By Steven Cline PhD
Emerald ash borer (EAB) has not hit our state yet but few have any doubt that it will. Several of our neighbor states can attest to the devastation that this Asian-native insect can cause to all native and ornamental ash. More than 15 to 20 million ash have died in Michigan, Ohio, and Indiana with a dollar loss that exceeds $20 billion. Last year, it spread to northern Illinois and Pennsylvania. The most alarming aspect of emerald ash borer is the fact that once a tree is infested, there seems to be no stopping it until the tree dies. The best defense is to be on guard and learn what to look for as you survey your landscape trees. Far quicker than Dutch elm disease, this one will take a healthy tree out in one year.
EAB, as it’s called in the entomological world, was first detected in southeastern Michigan around the Detroit area in the summer of 2002 – probably a transport from wood packing material on cargo ships or planes. The adult is a small, slender emerald green winged insect less than a half-inch long. These adults may cause minor leaf-feeding damage on ash. However, it’s the larvae, a cream-colored, segmented worm, that does the damage, boring into the bark of ash and feeding on the outermost wood layer where life-demanding water and nutrients flow. The feeding behavior is very active as it chews S-shaped tunnels throughout this surface layer. The net result is a girdled, water-starved tree that drops its leaves and dies back, typically from the top down. Unlike other killer diseases and insects that are here already like pinewood nematode, oak wilt, and Dutch elm disease, EAB has no preference for weaken or stressed trees. A young tree is just as susceptible as an old tree; healthy or not.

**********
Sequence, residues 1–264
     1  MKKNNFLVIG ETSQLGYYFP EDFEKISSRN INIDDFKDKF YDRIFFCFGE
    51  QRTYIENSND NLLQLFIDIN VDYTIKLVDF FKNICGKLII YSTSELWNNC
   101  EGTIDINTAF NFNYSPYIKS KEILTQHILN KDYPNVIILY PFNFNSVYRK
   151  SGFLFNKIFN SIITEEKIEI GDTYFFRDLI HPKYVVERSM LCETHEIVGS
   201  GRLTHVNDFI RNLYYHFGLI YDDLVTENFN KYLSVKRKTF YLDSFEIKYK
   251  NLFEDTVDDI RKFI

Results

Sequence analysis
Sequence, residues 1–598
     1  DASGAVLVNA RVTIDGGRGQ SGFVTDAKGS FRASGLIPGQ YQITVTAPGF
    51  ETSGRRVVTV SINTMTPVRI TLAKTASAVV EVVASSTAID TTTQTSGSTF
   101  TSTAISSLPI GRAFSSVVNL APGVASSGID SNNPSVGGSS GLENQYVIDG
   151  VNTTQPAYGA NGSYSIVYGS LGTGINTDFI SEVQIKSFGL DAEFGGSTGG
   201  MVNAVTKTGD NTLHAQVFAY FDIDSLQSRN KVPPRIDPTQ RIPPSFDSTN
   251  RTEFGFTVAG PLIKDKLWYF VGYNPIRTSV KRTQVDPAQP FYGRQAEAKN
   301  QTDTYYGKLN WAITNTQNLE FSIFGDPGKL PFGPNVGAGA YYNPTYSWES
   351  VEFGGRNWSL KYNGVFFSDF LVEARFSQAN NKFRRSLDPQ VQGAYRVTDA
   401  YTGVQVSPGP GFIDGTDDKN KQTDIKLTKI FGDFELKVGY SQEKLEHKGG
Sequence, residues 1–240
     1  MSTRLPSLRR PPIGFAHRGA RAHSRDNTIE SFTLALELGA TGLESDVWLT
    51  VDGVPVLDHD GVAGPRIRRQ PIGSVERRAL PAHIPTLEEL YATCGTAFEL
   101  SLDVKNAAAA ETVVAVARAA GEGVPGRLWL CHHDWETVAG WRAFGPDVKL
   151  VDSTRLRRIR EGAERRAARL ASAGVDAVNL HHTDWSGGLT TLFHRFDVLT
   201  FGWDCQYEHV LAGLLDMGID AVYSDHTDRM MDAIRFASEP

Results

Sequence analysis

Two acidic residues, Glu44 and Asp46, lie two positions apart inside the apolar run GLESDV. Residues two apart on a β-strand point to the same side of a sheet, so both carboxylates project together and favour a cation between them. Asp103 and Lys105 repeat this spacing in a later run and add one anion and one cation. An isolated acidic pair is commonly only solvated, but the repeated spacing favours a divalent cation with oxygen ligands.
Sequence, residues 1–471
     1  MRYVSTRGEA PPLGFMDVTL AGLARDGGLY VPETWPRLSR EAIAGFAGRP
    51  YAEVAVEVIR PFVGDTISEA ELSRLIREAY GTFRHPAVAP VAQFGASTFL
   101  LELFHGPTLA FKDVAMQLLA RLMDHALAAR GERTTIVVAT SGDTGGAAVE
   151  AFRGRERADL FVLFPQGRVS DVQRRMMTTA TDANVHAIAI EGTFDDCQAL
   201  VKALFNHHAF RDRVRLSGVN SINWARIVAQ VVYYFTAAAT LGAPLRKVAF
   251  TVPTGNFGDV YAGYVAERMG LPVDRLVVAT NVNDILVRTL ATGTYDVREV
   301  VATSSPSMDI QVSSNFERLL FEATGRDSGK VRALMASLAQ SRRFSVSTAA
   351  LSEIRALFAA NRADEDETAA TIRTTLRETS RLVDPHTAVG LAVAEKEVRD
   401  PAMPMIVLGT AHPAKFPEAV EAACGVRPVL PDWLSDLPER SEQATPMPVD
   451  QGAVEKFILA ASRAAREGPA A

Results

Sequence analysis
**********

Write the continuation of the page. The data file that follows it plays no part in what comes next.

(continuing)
You might question whether this is the beginning of the end of ash trees in North America. Like chestnut blight that essentially wiped out all of this forest tree, we have set ourselves up because ash is planted widely as an urban tree valued for its tolerance to adverse conditions like compacted soils and drought. Monocultural plantings of ash are everywhere, schools, parks and lining streets, so the impact of an aggressive insect like EAB will be impressive when it gets here. What do we do? The Missouri Department of Conservation, Missouri Department of Agriculture, and US Forest Service took the first step by annual surveys of campgrounds and recreation areas in Missouri since 2005. So far for what is known, we have escaped. The likelihood of spread is most dependent upon the transfer of infested firewood from out of state. There is much more to know and you could help by learning the signs of EAB infestation. Go to Emerald Ash Borer Kills Ash Trees, set up by the Missouri Department of Conservation. Early reporting of this insect’s activities might save this tree as we learn more about chemical and biological control.